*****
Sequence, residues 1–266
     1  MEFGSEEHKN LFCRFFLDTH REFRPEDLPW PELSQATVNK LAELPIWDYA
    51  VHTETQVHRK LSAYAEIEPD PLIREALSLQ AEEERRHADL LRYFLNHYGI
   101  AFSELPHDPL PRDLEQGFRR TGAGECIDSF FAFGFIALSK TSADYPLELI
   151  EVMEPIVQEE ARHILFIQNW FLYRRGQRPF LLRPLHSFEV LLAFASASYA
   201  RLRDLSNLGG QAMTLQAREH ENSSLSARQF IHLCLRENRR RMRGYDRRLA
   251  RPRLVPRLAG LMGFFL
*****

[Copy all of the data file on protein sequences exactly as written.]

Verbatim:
Sequence, residues 1–266
     1  MEFGSEEHKN LFCRFFLDTH REFRPEDLPW PELSQATVNK LAELPIWDYA
    51  VHTETQVHRK LSAYAEIEPD PLIREALSLQ AEEERRHADL LRYFLNHYGI
   101  AFSELPHDPL PRDLEQGFRR TGAGECIDSF FAFGFIALSK TSADYPLELI
   151  EVMEPIVQEE ARHILFIQNW FLYRRGQRPF LLRPLHSFEV LLAFASASYA
   201  RLRDLSNLGG QAMTLQAREH ENSSLSARQF IHLCLRENRR RMRGYDRRLA
   251  RPRLVPRLAG LMGFFL